I touched upon the idea of horror remakes previously in my The Invisible Man (2020) review, where I gave the not-so controversial opinion that these remakes are typical dog doodoo rather than best in show. You take a beloved horror property and attempt to adapt it for modern audiences, but you find yourself in the crosshairs of the fans of the original who hate to see their childhoods trampled on. It’s a delicate risk, but it’s amplified twofold when the property is also based off a beloved book. Stephen King’s It is a landmark in horror literature, scaring plenty before it was eventually adapted into a TV miniseries in 1990. Legendary character actor Tim Curry portrayed the titular “It”, only adding further fuel to the fire that was the general populaces’ fear of clowns. So, nearly 30 years later, Hollywood began the demonic ritual of remaking a beloved horror property, split into two parts. How did it turn out?
Pretty damn good, actually.
It: Chapter 1 & 2 are by no mean masterpieces, but they nonetheless have the necessary talent behind them to not only make a remake that can stand on its own, but make a damn good set of horror movies as well. Feeling fresh and nostalgic at the same time, these films are perhaps one of the biggest examples of mainstream horror really nailing it.
It: Chapter 1 takes place in the town of Derry, Maine, where a ragtag group of children must do battle with a strange, interdimensional creature that is the embodiment of their towns evils and hatreds. The creature takes on many forms, but is most commonly seen as a spooky clown referred to as Pennywise.
When your film follows a group of kids, their performances can make or break the film. I’m happy to say that the child actors at work here do a tremendous job with carrying the story, feeling like actual kids in the way they talk and process the horrors they encounter. There isn’t a single bad performance in the bunch, but if I had to pick a favorite, Jack Dylan Grazer as the sickly Eddie stood out the most to me with his tendencies to overthink and overreact. I think he had some of the best lines in the film and was always entertaining to cut to. The lovingly named Losers Club have such a natural dynamic to them. They bicker, they fight and they demean one another at times, but you never get the sense that they don’t care for one another. Its one of the best child ensemble casts in recent memory, and their hard work has seemed to pay off as many of them have gone on to earn roles in other blockbusters such as Knives Out and Shazam.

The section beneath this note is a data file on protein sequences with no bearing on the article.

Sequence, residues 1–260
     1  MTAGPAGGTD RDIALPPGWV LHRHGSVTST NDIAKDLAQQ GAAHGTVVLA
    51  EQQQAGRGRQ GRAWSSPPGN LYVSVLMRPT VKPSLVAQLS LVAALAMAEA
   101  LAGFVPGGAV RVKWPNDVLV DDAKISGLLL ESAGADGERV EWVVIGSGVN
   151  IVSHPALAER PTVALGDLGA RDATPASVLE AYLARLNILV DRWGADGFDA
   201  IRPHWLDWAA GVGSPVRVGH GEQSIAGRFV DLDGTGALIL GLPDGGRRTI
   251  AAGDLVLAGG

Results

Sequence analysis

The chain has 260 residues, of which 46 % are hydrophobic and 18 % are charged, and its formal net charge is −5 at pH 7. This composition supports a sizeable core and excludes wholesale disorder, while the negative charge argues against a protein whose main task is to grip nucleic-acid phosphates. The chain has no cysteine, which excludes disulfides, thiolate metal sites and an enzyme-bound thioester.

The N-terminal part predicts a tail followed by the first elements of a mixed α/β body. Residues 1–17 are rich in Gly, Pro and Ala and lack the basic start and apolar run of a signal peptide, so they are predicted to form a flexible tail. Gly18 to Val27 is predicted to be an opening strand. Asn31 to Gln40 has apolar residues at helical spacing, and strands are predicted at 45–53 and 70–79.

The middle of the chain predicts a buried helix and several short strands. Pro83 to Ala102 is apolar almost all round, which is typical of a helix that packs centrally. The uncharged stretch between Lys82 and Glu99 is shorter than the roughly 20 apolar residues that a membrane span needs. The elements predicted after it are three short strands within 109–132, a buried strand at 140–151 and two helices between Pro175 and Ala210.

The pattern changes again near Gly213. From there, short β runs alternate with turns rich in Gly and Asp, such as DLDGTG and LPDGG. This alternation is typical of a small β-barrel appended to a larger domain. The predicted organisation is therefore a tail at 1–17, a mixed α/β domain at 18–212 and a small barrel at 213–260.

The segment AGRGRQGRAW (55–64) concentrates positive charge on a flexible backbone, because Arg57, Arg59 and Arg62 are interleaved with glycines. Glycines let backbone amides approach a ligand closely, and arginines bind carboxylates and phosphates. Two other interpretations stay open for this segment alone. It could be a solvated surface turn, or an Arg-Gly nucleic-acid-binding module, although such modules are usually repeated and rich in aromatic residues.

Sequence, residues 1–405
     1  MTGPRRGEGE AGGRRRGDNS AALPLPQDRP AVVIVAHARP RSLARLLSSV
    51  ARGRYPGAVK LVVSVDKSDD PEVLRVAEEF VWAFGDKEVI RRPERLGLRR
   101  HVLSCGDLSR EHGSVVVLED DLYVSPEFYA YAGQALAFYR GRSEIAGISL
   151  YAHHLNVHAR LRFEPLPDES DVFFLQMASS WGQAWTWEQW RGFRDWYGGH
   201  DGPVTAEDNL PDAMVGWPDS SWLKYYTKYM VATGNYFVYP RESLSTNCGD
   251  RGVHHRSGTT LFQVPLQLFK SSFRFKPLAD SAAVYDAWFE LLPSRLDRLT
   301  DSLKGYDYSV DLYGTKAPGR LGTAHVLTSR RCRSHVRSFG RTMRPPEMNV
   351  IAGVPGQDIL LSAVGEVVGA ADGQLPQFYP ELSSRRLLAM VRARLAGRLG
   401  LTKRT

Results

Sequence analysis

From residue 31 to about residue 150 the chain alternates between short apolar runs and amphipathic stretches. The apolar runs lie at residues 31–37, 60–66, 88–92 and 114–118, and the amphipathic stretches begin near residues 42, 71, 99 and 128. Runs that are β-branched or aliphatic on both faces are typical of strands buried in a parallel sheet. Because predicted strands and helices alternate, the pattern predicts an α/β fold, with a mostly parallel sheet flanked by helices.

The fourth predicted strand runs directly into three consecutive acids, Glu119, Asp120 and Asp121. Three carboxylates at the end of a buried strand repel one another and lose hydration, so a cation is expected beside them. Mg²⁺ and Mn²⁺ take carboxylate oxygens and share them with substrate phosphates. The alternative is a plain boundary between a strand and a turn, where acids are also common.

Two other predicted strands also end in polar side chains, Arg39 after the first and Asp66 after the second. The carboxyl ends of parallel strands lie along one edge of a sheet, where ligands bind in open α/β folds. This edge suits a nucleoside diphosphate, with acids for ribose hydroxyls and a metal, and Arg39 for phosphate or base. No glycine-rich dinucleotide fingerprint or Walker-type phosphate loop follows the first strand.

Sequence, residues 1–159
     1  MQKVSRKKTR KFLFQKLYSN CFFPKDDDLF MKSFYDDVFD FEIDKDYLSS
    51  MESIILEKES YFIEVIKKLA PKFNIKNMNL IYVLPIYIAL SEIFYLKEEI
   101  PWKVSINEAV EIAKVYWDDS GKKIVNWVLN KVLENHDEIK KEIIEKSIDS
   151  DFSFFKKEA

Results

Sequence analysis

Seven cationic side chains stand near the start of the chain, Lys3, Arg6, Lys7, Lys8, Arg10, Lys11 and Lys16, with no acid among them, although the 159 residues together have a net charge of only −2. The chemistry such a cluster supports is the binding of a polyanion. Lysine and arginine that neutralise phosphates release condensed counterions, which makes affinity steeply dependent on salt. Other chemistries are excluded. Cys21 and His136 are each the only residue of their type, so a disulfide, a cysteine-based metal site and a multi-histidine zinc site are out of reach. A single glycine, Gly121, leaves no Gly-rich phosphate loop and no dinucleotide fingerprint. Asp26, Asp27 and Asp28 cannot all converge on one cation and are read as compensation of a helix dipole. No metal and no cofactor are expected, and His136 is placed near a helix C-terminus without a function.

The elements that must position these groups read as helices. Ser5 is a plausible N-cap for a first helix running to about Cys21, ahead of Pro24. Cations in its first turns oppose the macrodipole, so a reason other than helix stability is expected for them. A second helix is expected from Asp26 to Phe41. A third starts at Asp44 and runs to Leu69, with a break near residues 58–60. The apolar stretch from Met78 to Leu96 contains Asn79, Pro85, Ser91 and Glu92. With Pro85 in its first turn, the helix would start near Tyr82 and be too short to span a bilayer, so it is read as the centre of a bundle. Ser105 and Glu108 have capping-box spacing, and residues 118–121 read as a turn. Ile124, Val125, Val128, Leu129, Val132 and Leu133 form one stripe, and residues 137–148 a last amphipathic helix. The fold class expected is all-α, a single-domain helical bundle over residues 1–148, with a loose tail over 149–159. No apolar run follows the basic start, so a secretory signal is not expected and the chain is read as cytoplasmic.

The children needed to be good to really carry the story, but protagonists are nothing without a worth adversary for them to face off against. Tim Curry‘s performance as the demonic clown is so iconic that it would take a hefty amount of talent to not only fill those big red clown shoes, but also make them their own. Enter Bill Skarsgard. His portrayal of the cosmic clown, in my opinion, is leagues scarier over Curry’s. While Curry‘s portrayal had a lot more silliness and whimsicality to it, Skarsgard goes full-on nightmare mode akin to those clowns you would see in videos everywhere in 2016. This Pennywise is almost serpent-like, slithering and hissing through the shadows of Derry, always present but not always seen. Skarsgard’s performance still has some goofiness, but unlike Curry‘s where it triggered some genuine laughs, his performance only made me nervously laugh so I would remember to keep breathing. This Pennywise is similar enough to fit into the extended mythos of the It multiverse but still feel unique and original in its execution. I’m almost convinced Skarsgard got the role on his lazy eye alone.
The film’s scares are a blend of typical horror movie jump scares and some clever uses of background elements to hint at an everlasting horror that’s always present in the town. Most of the jump scares are pretty well crafted and never feel cheap, with one scene utilizing a projector to terrifying success. Then there’s the more subtle elements, like Pennywise hiding in a piece of graffiti or an old woman with a sinister grin off in the background. These extra additions make you feel as if you’re never really safe, as a new monster could jump out at any moment.